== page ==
WE STARTED with ghost voters in Mindanao, then we have ghost employees of councilors in Quezon City, and now we have ghost policemen in the Philippine National Police payroll. We are familiar with motorcycle cops escorting funeral corteges, but this latest scam goes one step further: It is the cops themselves who are ghosts. But ghosts who collect paychecks, and what they have already collected amounts to hundreds of millions of pesos. The scam has been going on for the past several years.
The salaries of policemen are paid in checks issued by the Land Bank of the Philippines. The checks are prepared, not by the PNP, but by the bank. The PNP merely furnishes the bank a list of the names of policemen. But in this scam, for some reason, checks for names not in the original payroll were prepared. Real live persons came to collect the checks. These were used to buy goods in grocery stores and supermarkets, which then cashed the checks with the bank. That was how the ghosts materialized. The checks bounced. The bank found out that they were fake.
Senior Supt. Generoso Cerbo Jr., the PNP spokesperson, was at the Kapihan sa Manila at the Diamond Hotel last Monday to explain that the PNP itself did not lose anything in the scam. Neither did the bank. It was the grocery stores all over the country that accepted the checks in payment for goods that lost millions of pesos. Those who used the checks were obviously known to the grocery store owners; otherwise, the latter would not have accepted the checks. So investigators can start with them.
I may be wrong, but it was also the Land Bank that was victimized in another scam years ago. That scam went this way: Checks for taxes payable to the Bureau of Internal Revenue and the Bureau of Customs were deposited in a provincial branch of the Land Bank. While the checks were being cleared, another account was opened in the same branch with a deposit in the same amount as the deposit of the earlier account. When the checks were cleared, the second deposit was withdrawn and the account closed. It was the two bureaus’ deposits that were withdrawn.
The scam could not have been perpetrated without the connivance of someone in the bank branch. A number of persons were charged but as of last report, the case is still pending until now, many years later. According to reports, some of the accused have escaped to other countries and their whereabouts are now unknown. They are probably enjoying their ill-gotten loot. In the Philippines, crime pays, after all.
With Cerbo at the Kapihan last Monday was the first and only woman major general in the police force: Director Lina Sarmiento. She comes from a family of policemen so it is not surprising that from early childhood she wanted to be a policewoman. She went through police school, climbed through the ranks, and finally became a major general. She is married, but not to a policeman.
Asked if there had been any instance of sexual harassment against her in the police force, Sarmiento replied: “They wouldn’t dare.”
Asked about the reaction of her male colleagues when she gives them orders, she answered: “They obey.”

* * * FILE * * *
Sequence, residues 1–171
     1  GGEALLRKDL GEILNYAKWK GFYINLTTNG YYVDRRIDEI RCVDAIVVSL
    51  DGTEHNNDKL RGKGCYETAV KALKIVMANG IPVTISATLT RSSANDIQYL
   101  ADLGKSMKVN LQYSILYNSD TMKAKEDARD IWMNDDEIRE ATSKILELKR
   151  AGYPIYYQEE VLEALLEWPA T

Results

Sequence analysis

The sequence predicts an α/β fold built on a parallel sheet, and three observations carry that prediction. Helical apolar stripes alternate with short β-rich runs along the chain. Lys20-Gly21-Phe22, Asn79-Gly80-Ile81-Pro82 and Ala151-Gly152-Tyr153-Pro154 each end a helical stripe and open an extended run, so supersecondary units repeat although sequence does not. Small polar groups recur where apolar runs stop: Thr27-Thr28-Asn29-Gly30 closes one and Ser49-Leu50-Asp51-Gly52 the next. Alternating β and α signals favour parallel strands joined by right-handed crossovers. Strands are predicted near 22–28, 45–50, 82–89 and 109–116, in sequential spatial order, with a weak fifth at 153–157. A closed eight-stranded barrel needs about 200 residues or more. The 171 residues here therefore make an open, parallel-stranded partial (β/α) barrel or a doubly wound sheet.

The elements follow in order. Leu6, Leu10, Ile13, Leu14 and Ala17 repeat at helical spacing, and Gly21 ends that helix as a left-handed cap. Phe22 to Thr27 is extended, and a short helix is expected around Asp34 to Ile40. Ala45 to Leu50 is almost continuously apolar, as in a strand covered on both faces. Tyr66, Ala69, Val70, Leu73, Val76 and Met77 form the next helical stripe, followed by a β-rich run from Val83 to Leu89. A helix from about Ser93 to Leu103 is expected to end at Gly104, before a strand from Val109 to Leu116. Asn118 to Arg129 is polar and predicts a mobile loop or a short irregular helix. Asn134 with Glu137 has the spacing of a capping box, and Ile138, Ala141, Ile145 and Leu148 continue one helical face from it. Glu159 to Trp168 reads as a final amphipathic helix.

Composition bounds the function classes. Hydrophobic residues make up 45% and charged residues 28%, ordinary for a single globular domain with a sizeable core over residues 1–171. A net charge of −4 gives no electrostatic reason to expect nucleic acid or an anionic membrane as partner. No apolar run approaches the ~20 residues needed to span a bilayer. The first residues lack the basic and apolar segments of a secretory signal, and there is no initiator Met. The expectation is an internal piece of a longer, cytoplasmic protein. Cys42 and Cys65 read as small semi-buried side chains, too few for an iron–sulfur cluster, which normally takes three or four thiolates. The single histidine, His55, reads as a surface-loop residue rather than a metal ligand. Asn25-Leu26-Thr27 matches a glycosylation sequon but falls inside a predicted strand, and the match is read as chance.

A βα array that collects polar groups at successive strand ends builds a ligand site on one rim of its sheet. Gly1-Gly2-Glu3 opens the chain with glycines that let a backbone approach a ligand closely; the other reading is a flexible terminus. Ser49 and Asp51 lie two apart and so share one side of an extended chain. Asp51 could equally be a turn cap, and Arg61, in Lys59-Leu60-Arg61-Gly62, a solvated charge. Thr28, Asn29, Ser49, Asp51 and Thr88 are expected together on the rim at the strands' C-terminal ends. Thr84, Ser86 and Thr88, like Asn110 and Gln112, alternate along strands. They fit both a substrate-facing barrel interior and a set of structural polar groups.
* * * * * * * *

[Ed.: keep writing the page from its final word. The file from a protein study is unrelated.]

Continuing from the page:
There was another woman at Monday’s Kapihan: Internal Revenue Commissioner Kim Henares, one of the leading contenders for appointment as the next chief justice.
Although she said she had not yet accepted her nomination, Henares disclosed some of her ideas on speeding up the wheels of justice. The Philippines probably has the slowest justice system in the world. Cases take decades to resolve. The irony is that the slowest court is the Supreme Court, which takes many years to decide cases appealed to it. Sometimes litigants are already dead by the time the high court rules on some cases, especially land cases.
According to Henares, there are laws and rules for a speedy dispensation of justice but they are not being enforced. What is needed is for the high court to closely monitor and supervise the lower courts. For example, rules limit the frequency and length of hearing postponements, but these rules are not followed. Judges seem to welcome postponements because their dockets are crowded. And these dockets are crowded because trials move so slowly that cases pile up.
At the Supreme Court, cases pile up because there are only 15 justices, and every lawyer who loses a case in the lower court elevates his case all the way to the high court. Cases appealed to the high court should be limited to questions of law. Questions of fact should stay in the lower courts. After all, they are the ones who heard the testimonies of witnesses and are the best judge of their credibility.
The number of justices in the high court should be increased, but that would need a constitutional amendment.
The other Kapihan guests were two fathers who are both former senators: Aquilino “Nene” Pimentel Jr., father of Sen. Aquilino “Koko” Pimentel III, and Rep. Rodolfo Biazon, father of former Rep. and now Customs Commissioner Ruffy Biazon
Nene Pimentel is in the thick of things because of son Koko’s problem with the inclusion of his rival, resigned Sen. Miguel Zubiri, in the UNA senatorial ticket. Nene is of course supporting his son.
Congressman Biazon was asked if he would run for senator again in the 2013 elections because son Ruffy has been mentioned as a probable senatorial candidate. Like a doting father, old man Biazon replied that that would depend on Ruffy. If Ruffy runs for senator, his father will run for reelection as congressman. If he doesn’t, his old man will seek to return to the Senate.